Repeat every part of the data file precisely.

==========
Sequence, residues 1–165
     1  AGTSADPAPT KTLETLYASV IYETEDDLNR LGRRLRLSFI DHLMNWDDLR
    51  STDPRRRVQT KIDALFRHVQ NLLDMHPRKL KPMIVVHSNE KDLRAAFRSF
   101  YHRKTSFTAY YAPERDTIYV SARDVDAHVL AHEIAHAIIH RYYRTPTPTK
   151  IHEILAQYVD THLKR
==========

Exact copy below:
Sequence, residues 1–165
     1  AGTSADPAPT KTLETLYASV IYETEDDLNR LGRRLRLSFI DHLMNWDDLR
    51  STDPRRRVQT KIDALFRHVQ NLLDMHPRKL KPMIVVHSNE KDLRAAFRSF
   101  YHRKTSFTAY YAPERDTIYV SARDVDAHVL AHEIAHAIIH RYYRTPTPTK
   151  IHEILAQYVD THLKR